Think hard and see if you can come up with the name of a political leader who confessed to failing the people before he even formally assumed office. Leung Chun-ying took over as our new chief executive yesterday. But, in the preceding week, he apologised three times to the people for having failed them so badly that he lost their trust.
How would a society where leaders are democratically elected react to something like that? Would a large enough election mandate, or a forgiving public, be enough for such a leader to survive? Hard to say, since there are no recent examples to go by. But it does not matter since Leung was not popularly elected.
When leaders are not popularly elected, it becomes trickier for them to ask the people for forgiveness. Besides, forgiveness can only start when the wrongdoer reveals all the facts. The people need to know the whole truth before they can decide if a leader deserves forgiveness. Leung made the classic mistake of not telling the whole truth all at once.
The media had to dig it out in bits and pieces - a process that encourages speculation and rumour. If Leung had come clean from the start, he could have avoided the embarrassment of having to make a public apology every time a truth emerged.
But it is no longer a case of how much of the truth Leung has told. The matter has now spiralled to whether our new leader is a liar. That accusation, if proven, is far more explosive than illegal structures. US president Bill Clinton underwent a humiliating impeachment process in the US Congress not for his affair with intern Monica Lewinsky itself, but for having lied about it under oath.
Not telling the whole truth and lying are two different things. Hongkongers may want to forgive Leung for his illegal structures, if only for the sake of moving on. But it is quite another thing to forgive a leader who looked the people in the eye and lied.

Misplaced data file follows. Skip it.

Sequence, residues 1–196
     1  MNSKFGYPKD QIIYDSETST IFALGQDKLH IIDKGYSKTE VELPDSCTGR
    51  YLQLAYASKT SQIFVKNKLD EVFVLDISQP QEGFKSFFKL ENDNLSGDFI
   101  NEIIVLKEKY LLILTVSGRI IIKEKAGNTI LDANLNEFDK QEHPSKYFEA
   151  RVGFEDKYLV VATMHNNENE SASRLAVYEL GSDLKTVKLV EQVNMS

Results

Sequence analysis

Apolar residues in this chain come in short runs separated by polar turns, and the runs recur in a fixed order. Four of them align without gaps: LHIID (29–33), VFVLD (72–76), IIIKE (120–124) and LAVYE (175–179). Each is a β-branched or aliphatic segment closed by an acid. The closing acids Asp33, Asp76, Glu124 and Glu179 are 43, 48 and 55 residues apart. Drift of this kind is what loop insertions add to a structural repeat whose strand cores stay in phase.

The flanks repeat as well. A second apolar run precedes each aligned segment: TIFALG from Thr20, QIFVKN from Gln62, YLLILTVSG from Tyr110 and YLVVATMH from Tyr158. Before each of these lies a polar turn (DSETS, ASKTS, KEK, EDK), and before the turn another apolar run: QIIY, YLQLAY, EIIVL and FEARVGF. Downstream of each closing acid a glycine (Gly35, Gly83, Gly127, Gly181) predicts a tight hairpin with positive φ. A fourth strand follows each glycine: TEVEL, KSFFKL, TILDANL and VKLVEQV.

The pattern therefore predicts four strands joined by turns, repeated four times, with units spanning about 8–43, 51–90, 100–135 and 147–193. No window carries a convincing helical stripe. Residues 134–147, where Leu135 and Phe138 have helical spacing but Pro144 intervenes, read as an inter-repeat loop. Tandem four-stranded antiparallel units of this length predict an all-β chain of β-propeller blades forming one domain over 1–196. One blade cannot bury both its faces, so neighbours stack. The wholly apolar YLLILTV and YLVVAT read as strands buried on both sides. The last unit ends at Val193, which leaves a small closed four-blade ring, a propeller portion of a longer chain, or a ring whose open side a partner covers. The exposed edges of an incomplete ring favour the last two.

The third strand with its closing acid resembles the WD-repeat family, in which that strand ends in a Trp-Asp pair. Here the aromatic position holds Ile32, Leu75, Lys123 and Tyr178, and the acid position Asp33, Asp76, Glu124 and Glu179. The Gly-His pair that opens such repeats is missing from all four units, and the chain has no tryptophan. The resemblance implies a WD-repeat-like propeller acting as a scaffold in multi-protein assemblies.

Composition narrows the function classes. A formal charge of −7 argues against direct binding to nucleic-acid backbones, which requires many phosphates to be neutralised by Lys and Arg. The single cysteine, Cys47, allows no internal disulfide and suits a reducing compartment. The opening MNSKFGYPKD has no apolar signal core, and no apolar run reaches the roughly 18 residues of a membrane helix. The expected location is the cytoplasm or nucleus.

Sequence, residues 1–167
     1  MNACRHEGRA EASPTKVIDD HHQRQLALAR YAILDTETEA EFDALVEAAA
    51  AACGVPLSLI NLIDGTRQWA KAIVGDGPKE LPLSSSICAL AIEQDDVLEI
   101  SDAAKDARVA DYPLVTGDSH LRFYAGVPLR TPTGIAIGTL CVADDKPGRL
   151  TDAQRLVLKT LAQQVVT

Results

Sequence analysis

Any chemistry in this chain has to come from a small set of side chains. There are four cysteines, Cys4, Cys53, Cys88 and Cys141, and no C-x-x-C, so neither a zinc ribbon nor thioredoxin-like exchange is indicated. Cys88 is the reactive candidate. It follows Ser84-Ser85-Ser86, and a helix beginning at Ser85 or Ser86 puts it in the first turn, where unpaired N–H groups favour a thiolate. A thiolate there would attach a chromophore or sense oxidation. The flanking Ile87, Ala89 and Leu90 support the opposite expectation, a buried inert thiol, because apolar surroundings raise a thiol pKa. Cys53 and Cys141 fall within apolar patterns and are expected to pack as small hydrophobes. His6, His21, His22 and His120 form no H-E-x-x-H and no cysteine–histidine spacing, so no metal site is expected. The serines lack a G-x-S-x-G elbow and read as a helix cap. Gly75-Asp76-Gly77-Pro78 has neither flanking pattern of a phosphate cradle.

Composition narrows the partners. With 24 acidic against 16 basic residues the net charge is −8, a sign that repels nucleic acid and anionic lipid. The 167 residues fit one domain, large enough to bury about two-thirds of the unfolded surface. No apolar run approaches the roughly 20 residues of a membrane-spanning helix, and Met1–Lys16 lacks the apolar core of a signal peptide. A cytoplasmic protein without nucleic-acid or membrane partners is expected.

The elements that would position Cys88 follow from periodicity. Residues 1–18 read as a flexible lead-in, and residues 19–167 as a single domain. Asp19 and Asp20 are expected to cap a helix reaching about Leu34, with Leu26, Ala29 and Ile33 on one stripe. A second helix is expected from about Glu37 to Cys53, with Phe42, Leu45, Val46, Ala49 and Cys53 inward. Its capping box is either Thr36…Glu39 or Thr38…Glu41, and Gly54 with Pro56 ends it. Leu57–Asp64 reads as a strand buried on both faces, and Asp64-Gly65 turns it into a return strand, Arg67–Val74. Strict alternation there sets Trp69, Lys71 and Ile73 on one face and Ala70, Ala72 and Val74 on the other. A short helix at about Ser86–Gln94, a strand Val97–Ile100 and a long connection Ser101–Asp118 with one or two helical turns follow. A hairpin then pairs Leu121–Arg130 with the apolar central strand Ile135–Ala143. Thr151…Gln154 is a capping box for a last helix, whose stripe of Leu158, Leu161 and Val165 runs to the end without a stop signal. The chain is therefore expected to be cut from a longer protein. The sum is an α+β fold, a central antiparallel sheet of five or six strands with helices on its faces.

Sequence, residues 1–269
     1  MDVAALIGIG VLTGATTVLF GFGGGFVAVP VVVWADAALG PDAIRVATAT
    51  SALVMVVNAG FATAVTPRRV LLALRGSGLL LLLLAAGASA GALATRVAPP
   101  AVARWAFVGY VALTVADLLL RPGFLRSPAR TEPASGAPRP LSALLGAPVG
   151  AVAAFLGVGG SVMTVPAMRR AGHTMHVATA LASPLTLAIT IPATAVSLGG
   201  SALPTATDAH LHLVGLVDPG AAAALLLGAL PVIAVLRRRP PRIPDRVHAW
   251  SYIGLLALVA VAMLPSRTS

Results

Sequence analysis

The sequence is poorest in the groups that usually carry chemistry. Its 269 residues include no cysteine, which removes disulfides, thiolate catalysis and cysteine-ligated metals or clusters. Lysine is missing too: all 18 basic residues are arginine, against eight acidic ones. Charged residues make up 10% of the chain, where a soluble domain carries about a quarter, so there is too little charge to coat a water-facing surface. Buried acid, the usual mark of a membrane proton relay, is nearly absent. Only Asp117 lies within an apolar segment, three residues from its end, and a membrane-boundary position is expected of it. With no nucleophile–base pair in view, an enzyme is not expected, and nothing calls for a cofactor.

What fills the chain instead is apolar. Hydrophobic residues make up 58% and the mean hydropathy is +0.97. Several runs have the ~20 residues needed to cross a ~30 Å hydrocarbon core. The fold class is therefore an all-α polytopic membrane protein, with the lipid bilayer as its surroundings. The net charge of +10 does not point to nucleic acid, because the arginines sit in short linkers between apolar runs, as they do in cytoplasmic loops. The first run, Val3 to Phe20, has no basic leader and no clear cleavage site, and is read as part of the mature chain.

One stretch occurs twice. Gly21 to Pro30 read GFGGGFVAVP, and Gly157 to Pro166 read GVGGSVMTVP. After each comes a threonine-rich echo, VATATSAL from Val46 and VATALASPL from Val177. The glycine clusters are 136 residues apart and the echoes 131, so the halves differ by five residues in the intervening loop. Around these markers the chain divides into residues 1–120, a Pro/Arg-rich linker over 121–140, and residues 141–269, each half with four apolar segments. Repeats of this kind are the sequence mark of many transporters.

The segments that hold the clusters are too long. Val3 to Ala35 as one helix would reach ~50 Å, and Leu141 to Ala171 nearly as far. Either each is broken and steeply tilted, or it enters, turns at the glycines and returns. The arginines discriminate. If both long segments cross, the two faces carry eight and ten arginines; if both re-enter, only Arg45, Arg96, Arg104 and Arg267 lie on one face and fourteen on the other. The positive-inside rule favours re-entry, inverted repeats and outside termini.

Celebrations for the 15th anniversary of the handover called for a script of patriotic pride fuelled by the visit of the nation's top leader and a trouble-free transfer of power to a squeaky-clean Leung after the scandals that plagued his predecessor and election rival. But it did not exactly play out that way. Protesters slammed China's treatment of dissidents and mocked Leung, demanding that he step down.
I asked Donald Tsang Yam-kuen exactly a week ago if his successor was facing a political crisis before he had even started work. Tsang did not answer directly, but urged Hongkongers to give Leung a chance to do his job. The trouble is that Leung is an extremely polarising person whom you either like or loathe. Those who loathe him are already gloating, claiming that the evasive way he handled his illegal structures proves he really is the wolf who cannot be trusted, as they had warned.
Leung is indeed facing a political crisis as he starts his leadership. That is a fact. Dirt has finally stuck to the man who was so good at deflecting it. The trust factor has returned as his Achilles' heel. And his opponents are nipping at it. That's politics. Forget about his campaign promises of fixing the wealth gap and housing. Leung's urgent first task is to salvage his reputation by winning back the public's trust.
Michael Chugani is a columnist and TV show host. email@example.com